From two unsigned missives. This:
As one who went from Roman Catholic to Pentacostal to Orthodox Christian, I understand disenchantment with religion and the draw of faith. I was taught that Orthodox meant “more strict” when it came to religion, but in practice I find the opposite to be true. Why? Because Orthodoxy is largely apophatic. It approaches the person of God from what we know we don’t know, rather than by asserting things about God which we can only guess about. So...Instead of teaching what must be true, you can explain what cannot be true and leave the rest to the kids. I’m often not sure what I believe about the world, but I’m really sure about two things: 1) My personal experience and 2) I don’t know what I don’t know. Seems simple, but we humans so often sentimentalize our experience to be much better, or worse, than reality. We also focus so much on what we think we know that we start to believe that we know more than we actually do...which is the mother of all assumptions. When it comes to faith, refusing to sentimentalize our history and keeping our eyes on what we don’t know protect against cultism and fanaticism.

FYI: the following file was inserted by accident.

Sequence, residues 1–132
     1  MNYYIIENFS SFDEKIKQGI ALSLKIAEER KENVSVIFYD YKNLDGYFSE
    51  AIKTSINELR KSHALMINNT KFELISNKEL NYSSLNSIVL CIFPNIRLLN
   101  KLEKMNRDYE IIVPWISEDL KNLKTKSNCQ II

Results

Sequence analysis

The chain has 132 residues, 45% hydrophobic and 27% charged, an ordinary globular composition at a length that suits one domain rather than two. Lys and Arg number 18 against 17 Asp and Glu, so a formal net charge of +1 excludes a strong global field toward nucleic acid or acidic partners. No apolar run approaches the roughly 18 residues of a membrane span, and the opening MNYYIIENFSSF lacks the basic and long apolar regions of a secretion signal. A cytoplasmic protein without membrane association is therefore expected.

As I see it, we all need code of belief to live in society and a set of core principle to dichotomize the universe into useful partitions. And there are different ways we can arrive at that code. Religion evolved to fill that need and serves a very useful purpose. Many people need ritual and liturgy to bind themselves to a community. The binding is important and how you get there is less important. Thus religion per se is not a problem. It's the illogical extrapolation of religious zealotry that is bad about religion. The tension between encouraging participation through faith and reigning in its excess is as old as the schism between protestants and catholics. In the end, people who can think for themselves are never a problem whether they believe or don't.
And finally, Chadrick123 writes: